Designer Curbs Himalayan Wildfires by Creating Homeware Using Pine Needles | Cheer Project | SR Decor

Designer Curbs Himalayan Wildfires

With the aim to create a sustainable future, industrial designer and material researcher Gaurav MK Wali initiated the Cheer Project – a plan to reimagine product design in ways that are not only sensible for the environment but are also aesthetically appealing and usable. Read on to know more about the project on SURFACES REPORTER (SR).


Driven by the curiosity to investigate the intersection of current environmental and socioeconomic issues through design solutions that would mutually benefit humans and nature, Gaurav has transformed pine needles into a 100 per cent bio-based and biodegradable material that can be incorporated into a variety of products such as coasters, planters, bowls, trays and other accessories.

The Cheer Project explores a series of objects made of pine needle bio-composite offering properties such as strength, flexibility, rigidity, formability and modularity. According to Gaurav, “The Cheer Project offers tactile and narrative ruminations on the cyclical nature of life and death, thereby creating something ephemeral that decays gracefully.”

One step forward to curbing climate change

The Indian state of Himachal Pradesh, located on the foothills of the Himalayas, is abundantly blessed with pine forest which is spread across nearly 40,000 sqkm. Despite its quaint valleys and snow-clad mountains, the region is facing menacing environmental complications that are majorly caused by pine needles – fallen leaves of pine trees. Beginning from forest fires, water scarcity to even unemployment, these pine needles cause a huge impact on life and the entire ecosystem.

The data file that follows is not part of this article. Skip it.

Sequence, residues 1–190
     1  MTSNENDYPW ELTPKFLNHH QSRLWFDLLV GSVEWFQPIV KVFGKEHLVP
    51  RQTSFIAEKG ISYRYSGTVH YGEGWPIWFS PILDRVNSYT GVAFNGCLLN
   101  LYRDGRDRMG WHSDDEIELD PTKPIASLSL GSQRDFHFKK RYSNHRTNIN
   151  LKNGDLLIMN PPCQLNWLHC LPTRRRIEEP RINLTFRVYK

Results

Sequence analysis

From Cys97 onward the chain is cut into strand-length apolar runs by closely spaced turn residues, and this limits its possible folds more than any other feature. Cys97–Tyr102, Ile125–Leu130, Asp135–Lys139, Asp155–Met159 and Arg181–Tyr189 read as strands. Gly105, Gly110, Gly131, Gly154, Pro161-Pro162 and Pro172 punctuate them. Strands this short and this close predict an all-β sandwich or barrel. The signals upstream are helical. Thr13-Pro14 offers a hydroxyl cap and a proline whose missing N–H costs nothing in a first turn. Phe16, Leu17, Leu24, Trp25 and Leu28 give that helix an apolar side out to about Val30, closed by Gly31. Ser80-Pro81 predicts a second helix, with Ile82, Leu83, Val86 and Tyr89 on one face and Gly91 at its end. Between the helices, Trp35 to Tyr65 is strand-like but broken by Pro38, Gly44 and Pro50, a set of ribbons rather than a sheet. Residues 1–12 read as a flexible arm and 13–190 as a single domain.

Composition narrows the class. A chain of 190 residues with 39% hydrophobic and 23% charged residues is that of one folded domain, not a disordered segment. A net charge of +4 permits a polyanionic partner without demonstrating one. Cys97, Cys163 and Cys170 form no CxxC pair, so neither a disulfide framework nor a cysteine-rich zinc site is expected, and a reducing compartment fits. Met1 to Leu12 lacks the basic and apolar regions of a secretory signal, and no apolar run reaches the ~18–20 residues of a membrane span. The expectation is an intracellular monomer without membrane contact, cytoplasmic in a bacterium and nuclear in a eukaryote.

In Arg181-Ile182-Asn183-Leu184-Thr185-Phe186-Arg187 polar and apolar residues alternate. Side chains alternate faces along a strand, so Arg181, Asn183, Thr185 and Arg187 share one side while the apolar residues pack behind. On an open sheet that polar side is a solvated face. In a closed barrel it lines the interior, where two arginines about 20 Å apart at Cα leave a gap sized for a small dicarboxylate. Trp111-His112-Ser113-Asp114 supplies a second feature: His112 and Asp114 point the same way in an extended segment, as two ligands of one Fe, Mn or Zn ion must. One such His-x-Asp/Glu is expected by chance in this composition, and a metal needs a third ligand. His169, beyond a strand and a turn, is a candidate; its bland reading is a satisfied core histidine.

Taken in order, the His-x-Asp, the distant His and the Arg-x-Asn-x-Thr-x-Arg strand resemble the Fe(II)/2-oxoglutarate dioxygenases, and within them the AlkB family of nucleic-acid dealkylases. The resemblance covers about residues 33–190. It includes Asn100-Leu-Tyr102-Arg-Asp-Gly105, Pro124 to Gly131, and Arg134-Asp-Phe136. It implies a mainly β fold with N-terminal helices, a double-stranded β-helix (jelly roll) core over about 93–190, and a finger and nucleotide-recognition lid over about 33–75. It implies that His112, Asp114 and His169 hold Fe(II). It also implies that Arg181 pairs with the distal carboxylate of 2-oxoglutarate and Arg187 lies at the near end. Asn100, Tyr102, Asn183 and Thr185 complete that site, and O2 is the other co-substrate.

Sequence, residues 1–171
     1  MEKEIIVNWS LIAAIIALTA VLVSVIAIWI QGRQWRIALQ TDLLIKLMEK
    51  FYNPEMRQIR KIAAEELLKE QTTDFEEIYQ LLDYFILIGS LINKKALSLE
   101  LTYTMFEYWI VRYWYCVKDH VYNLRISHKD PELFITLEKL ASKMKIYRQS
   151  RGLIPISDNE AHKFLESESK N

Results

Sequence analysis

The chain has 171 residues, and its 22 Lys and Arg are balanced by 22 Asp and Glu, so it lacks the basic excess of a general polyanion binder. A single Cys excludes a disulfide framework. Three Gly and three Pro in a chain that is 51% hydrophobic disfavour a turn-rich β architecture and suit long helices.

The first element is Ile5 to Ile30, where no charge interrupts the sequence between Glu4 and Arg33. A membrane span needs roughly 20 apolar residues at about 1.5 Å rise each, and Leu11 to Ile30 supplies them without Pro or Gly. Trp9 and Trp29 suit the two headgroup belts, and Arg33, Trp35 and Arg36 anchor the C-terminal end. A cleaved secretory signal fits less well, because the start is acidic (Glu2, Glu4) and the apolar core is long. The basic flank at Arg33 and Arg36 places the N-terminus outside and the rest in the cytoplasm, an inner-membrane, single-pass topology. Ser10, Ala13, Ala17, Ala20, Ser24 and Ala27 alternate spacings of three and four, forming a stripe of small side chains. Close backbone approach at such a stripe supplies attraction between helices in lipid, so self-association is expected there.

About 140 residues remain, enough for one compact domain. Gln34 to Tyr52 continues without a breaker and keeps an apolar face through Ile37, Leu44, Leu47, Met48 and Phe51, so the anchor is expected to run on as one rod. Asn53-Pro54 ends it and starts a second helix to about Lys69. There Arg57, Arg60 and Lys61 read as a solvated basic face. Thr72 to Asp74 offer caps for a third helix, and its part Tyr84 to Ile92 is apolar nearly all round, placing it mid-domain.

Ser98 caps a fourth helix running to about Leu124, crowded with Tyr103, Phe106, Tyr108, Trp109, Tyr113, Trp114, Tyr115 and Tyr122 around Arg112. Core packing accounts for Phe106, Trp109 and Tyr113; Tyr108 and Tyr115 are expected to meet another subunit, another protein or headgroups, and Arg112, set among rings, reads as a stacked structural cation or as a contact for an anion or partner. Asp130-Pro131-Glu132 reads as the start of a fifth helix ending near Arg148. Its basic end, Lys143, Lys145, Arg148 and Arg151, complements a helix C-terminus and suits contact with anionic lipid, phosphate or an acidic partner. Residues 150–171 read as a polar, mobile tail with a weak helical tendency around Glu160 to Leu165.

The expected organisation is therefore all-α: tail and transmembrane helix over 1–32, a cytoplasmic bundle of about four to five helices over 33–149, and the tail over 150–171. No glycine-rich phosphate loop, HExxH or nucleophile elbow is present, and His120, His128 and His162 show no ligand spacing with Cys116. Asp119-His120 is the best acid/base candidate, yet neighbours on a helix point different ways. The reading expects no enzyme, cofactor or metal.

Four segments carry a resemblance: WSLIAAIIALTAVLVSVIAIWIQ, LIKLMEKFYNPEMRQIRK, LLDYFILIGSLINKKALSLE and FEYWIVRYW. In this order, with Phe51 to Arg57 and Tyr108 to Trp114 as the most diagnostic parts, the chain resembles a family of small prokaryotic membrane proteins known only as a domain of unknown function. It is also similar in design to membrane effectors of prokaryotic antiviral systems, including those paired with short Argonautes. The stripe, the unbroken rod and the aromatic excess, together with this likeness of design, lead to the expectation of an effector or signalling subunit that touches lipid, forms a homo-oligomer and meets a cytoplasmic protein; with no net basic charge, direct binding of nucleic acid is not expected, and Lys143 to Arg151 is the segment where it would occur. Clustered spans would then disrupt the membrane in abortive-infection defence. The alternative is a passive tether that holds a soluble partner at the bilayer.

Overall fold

The fallen dry pine needles on the forest grounds have been known to cause frequent forest fires. Nearly 2,500 cases of forest fires had been reported in 2018 in the Himachal Pradesh. Additionally, as per Amazon Rainforest Fires.Australia Bush Fires, the magnitude of wildfires in India has increased by 132 per cent since 2015, of which 2019 and 2020 witnessed some of the most devastating episodes.

It is difficult to decompose the pine needles on account of their structure. The fallen leaves form a layer on the ground and continue to pile up, if not taken away. This thick layer of pine needles does not allow the natural water to get underneath the earth, which causes water scarcity. Also, pine needles contain lignin, which is proven to be an excellent fuel.

Gaurav’s Cheer Project, thus, aims to tackle this crisis holistically by separating fibres of the needles through shredding, and developing it into a composite with the help of natural binders and waxes. The raw materials are procured by the indigenous communities located near the pine forests. The fall pine needles are processed into a fibre with locally-built, low-cost machinery. To create the pine composite, the pine fibre is mixed with natural binders. This developed composition is 100 per cent bio-based, biodegradable, recyclable, fire retardant and water repellent. The composition causes no pollution nor generates any waste during the process. Additionally, the products can be composted at the end of their lifecycle. The bio-composite can be further used by local artisans to manufacture sustainable homeware products, thereby empowering the indigenous communities by creating livelihood opportunities for them.

The Cheer Project not only aims to tackle the wildfire issue and encourage sustainable habits by eliminating plastic pollution but also helps in boosting the rural economy of the state.

Image credits: Gaurav MK Wali


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